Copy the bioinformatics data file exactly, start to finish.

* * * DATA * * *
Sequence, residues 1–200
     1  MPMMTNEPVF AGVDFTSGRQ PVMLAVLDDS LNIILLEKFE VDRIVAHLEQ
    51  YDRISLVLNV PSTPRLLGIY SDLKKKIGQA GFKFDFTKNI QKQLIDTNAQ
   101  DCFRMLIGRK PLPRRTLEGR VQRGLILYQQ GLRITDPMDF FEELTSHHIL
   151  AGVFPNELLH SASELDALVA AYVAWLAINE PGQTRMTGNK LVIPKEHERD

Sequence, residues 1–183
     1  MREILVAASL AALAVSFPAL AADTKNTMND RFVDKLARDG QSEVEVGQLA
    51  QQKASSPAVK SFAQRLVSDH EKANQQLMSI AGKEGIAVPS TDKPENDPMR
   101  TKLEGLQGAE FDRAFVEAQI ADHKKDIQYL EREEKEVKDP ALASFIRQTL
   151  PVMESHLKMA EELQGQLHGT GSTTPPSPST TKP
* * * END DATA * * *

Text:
Sequence, residues 1–200
     1  MPMMTNEPVF AGVDFTSGRQ PVMLAVLDDS LNIILLEKFE VDRIVAHLEQ
    51  YDRISLVLNV PSTPRLLGIY SDLKKKIGQA GFKFDFTKNI QKQLIDTNAQ
   101  DCFRMLIGRK PLPRRTLEGR VQRGLILYQQ GLRITDPMDF FEELTSHHIL
   151  AGVFPNELLH SASELDALVA AYVAWLAINE PGQTRMTGNK LVIPKEHERD

Sequence, residues 1–183
     1  MREILVAASL AALAVSFPAL AADTKNTMND RFVDKLARDG QSEVEVGQLA
    51  QQKASSPAVK SFAQRLVSDH EKANQQLMSI AGKEGIAVPS TDKPENDPMR
   101  TKLEGLQGAE FDRAFVEAQI ADHKKDIQYL EREEKEVKDP ALASFIRQTL
   151  PVMESHLKMA EELQGQLHGT GSTTPPSPST TKP